noun (plural immunities)
- 1 [mass noun] The ability of an organism to resist a particular infection or toxin by the action of specific antibodies or sensitized white blood cells: immunity to typhoid seems to have increased spontaneouslyMore example sentences
- Women who develop immunity to the infection before pregnancy are not in danger of transmitting it to their babies.
- Experiencing tetanus does not itself produce immunity to a second infection.
- They also may have lower immunity to infection than older family members, plus increased viral shedding and longer duration of illness.
- 2Protection or exemption from something, especially an obligation or penalty: the rebels were given immunity from prosecutionMore example sentences
exemption, exception, freedom, release, impunity, dispensation, exoneration; non-liability for• informal a let-off• rare derogationindemnity, privilege, prerogative, special treatment, right, liberty, licence, permission; asylum; legal exemption, impunity, protection, freedom; French carte blancheLaw , • historical droit
- Even in situations where an undertaking does not qualify for a total immunity from a fine penalties may be reduced.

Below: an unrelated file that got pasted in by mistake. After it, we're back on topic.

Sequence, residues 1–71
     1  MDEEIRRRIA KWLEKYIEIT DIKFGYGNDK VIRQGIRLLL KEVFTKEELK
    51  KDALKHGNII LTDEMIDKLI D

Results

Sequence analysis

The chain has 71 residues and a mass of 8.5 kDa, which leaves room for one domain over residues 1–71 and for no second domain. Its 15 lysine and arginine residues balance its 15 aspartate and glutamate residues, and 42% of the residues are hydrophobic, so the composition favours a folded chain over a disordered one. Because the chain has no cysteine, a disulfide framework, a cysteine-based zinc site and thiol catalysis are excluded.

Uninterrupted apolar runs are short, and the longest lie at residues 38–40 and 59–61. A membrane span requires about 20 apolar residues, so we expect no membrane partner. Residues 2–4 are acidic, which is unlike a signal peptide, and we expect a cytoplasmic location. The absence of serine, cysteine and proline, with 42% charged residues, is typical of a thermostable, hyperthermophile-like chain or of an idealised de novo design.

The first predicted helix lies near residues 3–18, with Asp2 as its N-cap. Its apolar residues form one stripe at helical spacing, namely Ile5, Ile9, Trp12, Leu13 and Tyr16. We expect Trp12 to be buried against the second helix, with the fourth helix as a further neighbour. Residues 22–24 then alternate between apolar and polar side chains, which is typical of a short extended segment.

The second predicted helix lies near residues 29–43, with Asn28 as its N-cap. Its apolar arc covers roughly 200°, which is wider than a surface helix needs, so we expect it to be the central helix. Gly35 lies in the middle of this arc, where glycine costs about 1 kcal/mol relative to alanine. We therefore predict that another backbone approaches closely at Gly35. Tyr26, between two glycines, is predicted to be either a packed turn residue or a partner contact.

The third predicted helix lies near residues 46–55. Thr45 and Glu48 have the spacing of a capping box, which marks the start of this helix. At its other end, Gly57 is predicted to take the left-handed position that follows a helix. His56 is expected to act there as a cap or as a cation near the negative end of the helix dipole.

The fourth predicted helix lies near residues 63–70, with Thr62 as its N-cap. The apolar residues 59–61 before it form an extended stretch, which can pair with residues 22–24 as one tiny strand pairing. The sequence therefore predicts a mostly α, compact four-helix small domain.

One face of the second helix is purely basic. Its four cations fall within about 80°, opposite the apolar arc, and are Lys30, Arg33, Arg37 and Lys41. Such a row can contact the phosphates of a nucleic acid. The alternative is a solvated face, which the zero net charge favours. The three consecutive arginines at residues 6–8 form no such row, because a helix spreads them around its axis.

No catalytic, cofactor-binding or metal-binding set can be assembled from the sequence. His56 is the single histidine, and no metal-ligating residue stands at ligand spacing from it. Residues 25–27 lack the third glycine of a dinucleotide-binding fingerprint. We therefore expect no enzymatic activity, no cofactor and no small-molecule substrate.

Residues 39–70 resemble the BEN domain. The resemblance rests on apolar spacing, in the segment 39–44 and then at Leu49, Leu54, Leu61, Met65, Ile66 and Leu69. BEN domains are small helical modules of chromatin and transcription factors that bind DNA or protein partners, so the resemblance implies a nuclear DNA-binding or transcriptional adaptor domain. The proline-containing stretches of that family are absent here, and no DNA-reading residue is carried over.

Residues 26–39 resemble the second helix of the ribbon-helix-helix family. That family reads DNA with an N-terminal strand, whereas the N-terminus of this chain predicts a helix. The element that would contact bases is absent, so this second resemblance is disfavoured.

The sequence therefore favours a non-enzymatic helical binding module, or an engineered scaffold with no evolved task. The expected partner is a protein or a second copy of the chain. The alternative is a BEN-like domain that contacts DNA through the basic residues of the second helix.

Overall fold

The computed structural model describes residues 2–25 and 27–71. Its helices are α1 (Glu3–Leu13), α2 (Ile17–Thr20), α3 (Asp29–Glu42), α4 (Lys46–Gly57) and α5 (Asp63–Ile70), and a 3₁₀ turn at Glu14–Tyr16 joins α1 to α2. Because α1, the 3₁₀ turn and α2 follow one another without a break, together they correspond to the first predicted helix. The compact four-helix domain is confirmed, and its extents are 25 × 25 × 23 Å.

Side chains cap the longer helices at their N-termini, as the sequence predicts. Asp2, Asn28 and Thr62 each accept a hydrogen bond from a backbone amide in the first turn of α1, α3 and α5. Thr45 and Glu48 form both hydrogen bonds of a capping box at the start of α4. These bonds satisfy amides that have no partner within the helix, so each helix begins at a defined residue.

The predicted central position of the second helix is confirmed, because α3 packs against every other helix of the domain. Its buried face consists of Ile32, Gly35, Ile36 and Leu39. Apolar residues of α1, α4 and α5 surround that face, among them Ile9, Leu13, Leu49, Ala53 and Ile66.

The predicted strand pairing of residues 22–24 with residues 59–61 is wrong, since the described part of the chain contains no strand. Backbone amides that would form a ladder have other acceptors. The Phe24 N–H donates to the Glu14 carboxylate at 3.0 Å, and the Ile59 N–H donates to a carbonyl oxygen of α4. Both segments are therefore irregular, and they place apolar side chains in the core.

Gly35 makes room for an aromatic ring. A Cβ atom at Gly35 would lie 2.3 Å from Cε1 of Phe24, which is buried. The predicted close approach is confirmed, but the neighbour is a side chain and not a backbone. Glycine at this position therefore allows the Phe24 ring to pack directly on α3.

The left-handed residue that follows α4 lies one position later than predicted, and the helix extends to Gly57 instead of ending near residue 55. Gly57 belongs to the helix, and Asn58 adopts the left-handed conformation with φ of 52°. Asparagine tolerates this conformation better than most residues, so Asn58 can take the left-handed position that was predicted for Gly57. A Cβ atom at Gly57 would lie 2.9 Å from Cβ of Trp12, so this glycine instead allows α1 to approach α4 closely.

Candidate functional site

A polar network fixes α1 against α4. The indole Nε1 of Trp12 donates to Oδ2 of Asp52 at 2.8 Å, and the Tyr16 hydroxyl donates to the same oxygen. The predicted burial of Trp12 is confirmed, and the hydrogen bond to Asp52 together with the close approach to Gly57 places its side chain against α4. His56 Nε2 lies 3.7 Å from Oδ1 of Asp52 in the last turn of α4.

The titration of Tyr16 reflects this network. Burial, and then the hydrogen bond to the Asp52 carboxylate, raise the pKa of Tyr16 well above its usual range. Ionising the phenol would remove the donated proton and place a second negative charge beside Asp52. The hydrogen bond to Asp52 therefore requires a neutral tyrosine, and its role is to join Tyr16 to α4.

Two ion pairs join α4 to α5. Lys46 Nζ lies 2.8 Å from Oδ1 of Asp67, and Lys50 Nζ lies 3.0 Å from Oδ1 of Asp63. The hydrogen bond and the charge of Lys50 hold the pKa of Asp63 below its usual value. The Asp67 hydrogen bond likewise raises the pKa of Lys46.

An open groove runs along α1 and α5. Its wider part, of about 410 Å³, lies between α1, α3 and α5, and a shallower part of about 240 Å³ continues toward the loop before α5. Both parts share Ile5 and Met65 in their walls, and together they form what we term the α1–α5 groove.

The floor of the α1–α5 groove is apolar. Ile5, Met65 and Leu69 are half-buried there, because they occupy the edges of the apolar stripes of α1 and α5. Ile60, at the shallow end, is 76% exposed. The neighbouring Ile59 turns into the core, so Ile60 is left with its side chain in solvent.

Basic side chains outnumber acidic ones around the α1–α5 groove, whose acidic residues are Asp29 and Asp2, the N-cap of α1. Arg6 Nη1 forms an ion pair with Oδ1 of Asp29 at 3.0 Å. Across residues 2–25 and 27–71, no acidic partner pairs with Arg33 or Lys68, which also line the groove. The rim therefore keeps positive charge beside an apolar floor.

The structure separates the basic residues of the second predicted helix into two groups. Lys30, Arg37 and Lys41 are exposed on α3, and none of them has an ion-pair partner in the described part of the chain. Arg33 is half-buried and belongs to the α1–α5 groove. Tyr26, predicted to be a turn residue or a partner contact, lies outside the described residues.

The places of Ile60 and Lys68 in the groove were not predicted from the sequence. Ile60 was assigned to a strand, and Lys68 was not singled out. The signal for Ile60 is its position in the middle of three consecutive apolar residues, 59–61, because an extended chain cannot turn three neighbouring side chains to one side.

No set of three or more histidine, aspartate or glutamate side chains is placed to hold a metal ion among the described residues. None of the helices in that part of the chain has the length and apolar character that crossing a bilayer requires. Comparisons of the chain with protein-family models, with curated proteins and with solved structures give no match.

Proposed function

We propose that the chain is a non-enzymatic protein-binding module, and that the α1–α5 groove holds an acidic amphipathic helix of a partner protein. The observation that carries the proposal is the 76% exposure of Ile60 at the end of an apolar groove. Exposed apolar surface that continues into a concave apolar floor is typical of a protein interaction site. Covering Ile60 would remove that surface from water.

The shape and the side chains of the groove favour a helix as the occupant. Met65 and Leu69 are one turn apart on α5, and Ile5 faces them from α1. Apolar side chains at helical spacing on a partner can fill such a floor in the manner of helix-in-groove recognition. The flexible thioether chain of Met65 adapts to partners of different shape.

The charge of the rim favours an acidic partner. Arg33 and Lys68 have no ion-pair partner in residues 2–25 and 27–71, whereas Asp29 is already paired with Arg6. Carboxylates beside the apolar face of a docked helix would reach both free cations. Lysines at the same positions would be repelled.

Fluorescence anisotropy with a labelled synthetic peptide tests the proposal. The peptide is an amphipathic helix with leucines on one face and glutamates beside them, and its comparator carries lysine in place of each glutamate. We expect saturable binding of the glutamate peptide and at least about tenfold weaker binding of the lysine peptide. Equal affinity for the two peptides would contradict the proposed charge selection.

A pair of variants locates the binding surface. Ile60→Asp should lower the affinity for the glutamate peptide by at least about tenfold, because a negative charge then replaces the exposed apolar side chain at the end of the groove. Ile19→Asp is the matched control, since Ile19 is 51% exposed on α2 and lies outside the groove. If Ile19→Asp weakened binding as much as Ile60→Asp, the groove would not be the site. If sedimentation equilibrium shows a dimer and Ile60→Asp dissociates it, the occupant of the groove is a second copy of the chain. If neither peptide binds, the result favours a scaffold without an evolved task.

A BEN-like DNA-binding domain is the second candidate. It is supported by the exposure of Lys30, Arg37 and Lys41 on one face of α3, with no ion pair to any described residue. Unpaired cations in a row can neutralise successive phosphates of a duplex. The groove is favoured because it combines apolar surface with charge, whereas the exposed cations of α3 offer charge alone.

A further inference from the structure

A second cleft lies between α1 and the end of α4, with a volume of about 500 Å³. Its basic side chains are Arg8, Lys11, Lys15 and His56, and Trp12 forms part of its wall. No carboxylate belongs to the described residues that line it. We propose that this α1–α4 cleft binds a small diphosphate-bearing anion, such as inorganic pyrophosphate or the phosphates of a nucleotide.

- It could be an immunity from a government action - for instance, my right to free speech bars the government from punishing me for speaking.
- It seems to me that the stauncher first world proponents of globalisation feel a personal immunity from its vicissitudes.
- 2.1 Law Officially granted exemption from legal proceedings or liability.More example sentences
- There is no issue between the parties with respect to the applicable legal principles relating to the immunity granted an expert witness in legal proceedings.
- Either a party to a tribunal or legal proceedings is granted immunity or he is not.
- Today, he and his accomplices are beginning to lose the legal immunity they granted themselves.
- 2.2Lack of susceptibility, especially to something unwelcome or harmful: products must have an adequate level of immunity to interferenceMore example sentences
- Natural combativeness, an innate immunity to being cowed by the biggest names or the biggest occasions in football, is obviously a vital part of the equipment he carries on to the field.
- But they also promise a partial immunity to the passage of time.
- It appeared, however, as if she herself had acquired a unique immunity to invective and insult so long as she could lay her hands on something to stitch.
late Middle English: in the sense 'exemption (from a liability'): from Latin immunitas, from immunis (see immune).